barrier requirements

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Home > Radiation Protection and Quality Assurance > Radiation Protection > Facilities and Area Monitoring >  Barrier Requirements

NCRP REGULATIONS ON BARRIER REQUIREMENTS:

Protective barriers are to ensure that the dose equivalent received by any individual does not exceed the applicable maximum permissible value. The areas surrounding the room are designated as controlled or non-controlled, depending on whether or not the exposure of persons in the area is under supervision of a radiation protection supervisor.

Controlled areas

Controlled areas are areas with limited access. They are immediate areas to where radiation is used, example; treatment rooms and control booths. Access, occupancy and working conditions in these are controlled for radiation protection purposes.

Workers in these areas are those specifically trained in the use of ionizing radiation and their radiation exposures are individually monitored. Maximum permissible dose equivalent is assumed to be 0.1mSv/week or 5mSv/year.

Uncontrolled areas

These are other areas in the hospital and the surrounding environment. Maximum permissible dose equivalent is 0.02 mSv/ week or 1 mSv/ year.

Protection is offered against the following types of radiation:

  • Primary radiation
  • Scattered radiation
  • Leakage radiation

The following factors are applied in the calculation of barrier thickness:

a)      Workload

Workload refers to the average absorbed dose of radiation produced by a source over specified time (mostly one week) at a specific location.

450 Gy/ week absorbed dose and 30 patients treated per day are the default recommendations in NCRP 151 for a busy facility.

450 Gy/week = 5 treatments/week/patient × 3 Gy/treatment × 30 patients.

It is simpler and with more conservative calculations when full 450 Gy/week workload is at the higher energy in dual energy linear accelerators. It is appropriate for new construction.

Dual-energy calculation may be appropriate for an existing construction. If modifications to the existing vault are difficult and size constrained, 30 patient workload can be splitted to ensure at least 250Gy/week at higher MV with 17 patients getting 255Gy/week as illustrated in the table below:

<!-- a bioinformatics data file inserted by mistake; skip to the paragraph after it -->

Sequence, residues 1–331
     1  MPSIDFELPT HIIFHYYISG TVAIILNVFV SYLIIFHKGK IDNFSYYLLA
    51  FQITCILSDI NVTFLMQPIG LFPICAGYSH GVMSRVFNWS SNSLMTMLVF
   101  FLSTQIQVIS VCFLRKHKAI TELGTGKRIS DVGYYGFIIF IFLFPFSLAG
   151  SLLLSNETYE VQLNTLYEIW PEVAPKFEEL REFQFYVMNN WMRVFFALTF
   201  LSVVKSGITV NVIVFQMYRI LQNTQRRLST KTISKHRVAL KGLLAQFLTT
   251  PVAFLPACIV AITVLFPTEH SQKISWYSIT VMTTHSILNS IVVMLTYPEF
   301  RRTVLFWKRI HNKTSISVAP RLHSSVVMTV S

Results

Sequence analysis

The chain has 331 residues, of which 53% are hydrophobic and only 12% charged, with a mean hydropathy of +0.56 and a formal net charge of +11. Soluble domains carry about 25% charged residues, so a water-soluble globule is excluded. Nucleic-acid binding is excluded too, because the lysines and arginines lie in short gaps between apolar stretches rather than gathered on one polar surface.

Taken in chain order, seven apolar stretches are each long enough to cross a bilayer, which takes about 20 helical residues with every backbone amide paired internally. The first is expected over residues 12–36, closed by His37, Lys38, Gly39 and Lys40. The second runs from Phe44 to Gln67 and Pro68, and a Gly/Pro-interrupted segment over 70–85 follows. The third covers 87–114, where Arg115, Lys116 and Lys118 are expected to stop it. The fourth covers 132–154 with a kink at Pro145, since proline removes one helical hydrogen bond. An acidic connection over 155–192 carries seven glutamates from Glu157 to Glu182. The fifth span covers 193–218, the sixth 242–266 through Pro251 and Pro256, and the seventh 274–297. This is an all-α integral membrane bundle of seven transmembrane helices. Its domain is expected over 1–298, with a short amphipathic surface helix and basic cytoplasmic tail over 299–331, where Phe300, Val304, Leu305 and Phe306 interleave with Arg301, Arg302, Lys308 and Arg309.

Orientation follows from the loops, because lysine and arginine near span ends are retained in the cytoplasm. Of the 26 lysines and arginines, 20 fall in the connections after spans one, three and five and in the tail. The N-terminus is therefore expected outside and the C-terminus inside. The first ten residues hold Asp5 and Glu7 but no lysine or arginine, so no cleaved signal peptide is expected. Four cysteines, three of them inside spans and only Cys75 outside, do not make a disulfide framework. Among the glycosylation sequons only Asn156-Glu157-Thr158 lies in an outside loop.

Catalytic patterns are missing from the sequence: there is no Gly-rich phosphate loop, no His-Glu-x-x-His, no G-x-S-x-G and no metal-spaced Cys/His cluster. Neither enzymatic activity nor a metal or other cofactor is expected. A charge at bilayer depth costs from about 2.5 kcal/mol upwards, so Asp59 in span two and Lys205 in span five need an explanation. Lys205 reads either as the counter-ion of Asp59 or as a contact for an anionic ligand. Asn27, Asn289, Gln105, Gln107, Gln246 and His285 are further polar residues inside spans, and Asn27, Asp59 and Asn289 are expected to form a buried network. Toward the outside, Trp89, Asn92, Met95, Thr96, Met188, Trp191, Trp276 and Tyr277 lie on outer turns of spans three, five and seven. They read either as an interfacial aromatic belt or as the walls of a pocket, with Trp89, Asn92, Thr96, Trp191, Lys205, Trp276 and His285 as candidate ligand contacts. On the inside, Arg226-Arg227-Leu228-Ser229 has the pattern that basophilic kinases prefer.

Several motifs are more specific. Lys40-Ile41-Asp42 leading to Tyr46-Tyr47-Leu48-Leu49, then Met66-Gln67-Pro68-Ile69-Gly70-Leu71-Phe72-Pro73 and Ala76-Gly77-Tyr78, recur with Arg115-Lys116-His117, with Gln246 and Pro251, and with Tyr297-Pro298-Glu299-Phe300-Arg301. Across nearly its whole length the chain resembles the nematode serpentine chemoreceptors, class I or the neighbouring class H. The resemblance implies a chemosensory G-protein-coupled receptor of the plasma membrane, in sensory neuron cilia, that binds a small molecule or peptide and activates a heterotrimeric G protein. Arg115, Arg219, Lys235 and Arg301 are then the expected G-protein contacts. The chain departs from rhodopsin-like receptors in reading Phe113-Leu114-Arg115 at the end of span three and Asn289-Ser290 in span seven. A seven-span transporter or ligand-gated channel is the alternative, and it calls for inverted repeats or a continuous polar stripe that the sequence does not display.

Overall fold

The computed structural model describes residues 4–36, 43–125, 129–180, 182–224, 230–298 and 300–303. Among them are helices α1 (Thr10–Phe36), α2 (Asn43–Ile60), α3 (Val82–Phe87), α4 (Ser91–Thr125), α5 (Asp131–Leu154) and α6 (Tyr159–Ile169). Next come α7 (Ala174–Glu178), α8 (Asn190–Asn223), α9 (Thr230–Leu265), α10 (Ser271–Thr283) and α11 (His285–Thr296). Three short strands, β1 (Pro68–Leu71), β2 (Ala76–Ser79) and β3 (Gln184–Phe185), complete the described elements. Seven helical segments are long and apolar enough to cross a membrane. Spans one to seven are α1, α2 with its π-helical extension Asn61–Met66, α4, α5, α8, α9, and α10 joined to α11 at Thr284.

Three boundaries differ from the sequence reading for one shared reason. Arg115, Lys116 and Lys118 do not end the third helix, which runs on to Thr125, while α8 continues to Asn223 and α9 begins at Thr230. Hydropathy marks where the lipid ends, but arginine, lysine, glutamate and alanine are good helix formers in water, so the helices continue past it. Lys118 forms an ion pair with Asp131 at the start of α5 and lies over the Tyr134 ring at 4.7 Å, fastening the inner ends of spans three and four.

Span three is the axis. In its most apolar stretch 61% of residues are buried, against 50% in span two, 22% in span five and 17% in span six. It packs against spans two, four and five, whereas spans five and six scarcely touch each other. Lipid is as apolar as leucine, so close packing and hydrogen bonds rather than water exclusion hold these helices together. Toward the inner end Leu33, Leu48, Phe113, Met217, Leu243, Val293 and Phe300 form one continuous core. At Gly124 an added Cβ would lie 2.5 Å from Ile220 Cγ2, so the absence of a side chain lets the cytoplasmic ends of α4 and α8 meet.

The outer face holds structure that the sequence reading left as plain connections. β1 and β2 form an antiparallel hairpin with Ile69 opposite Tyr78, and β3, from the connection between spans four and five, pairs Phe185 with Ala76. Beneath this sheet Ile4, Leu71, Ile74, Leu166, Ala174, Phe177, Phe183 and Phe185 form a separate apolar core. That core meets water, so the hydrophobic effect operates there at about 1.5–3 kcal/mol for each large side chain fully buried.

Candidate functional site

b)    Use factor (U)

Use factor is the fraction of the workload for which the primary beam is directed at the barrier in question. It applies to primary barrier calculations and not secondary.

·        U=0.25 for lateral barriers, ceilings and floor.

·        U= 0.1for tapered portions of ceiling barrier.

·        U=1 has been eliminated by NCRP

NCRP 151 Recommendations Use Factor on 90° and 45° gantry angle intervals respectively

c)    Occupancy factor

Occupancy factor is the fraction of time a particular location may be occupied.

NCRP Recommended Occupancy

T = 1: Areas occupied full-time by an individual, example; receptionist areas, attended waiting rooms, nurse stations, clerical offices, film reading areas, treatment planning areas.

T= 0.5: Rooms used for patient examinations and treatments.

T= 0.2: Corridors, Employee lounges, Staff rest room.

T= 0.125: Corridor doors/ Treatment vault doors.

T= 0.05: Public toilets, unattended vending areas, Storage rooms, unattended waiting rooms.

T= 0.025: Minimal occupancy areas, example; unattended parking lots, unattended elevators, stairways, attics, janitor’s closets.

d)    Distance

Distance should be in meters from the radiation source to the area to be protected. Minimum distance to the occupied area is 0.3metres.

Primary barriers

A primary barrier is any surface that the linac beam can possibly interact with. Examples of primary barriers; ceiling, floor vault walls and any possible surface that any gantry angle at maximum field exposes linac beam. The width of the primary barrier should be:

Ø  1 foot (0.3 meters) either sides of the primary beam.

w =0.4

Ø  Fixed primary collimator diameter (0.5m)

w = 0.5d + 0.6

Ø  Greater width at the top of the wall

w = 0.5d’ + 0.6

Secondary Barriers

Secondary barrier is any surface in the vault that is perpendicular to any primary beam surface and any other subsequent scatter surface in the vault. A secondary barrier is also the vault surface area minus primary surfaces. They can be made of lead, concrete or concrete blocks, glass or steel. Secondary barriers can be installed in the following areas:

  • On walls and all doors leading into radiation treatment rooms.
  • Floors and ceilings of radiation treatment room
  • Viewing windows.

The leakage radiation should not exceed 0.5% of the primary beam as recommended in NCRP 151. The scattered radiation from the patient or phantom is usually less than 0.1% of the incident radiation.

REFERENCES

1. Basic Principles of Radiation Therapy Shielding Design by Peter J. Biggs PhD.

2. Overview and Basis of Design Methods for NCRP Report 151 by Raymond K. Wu, PhD.

3. Shielding Design Methods for Radiation Oncology Departments by Melissa C. Martin.

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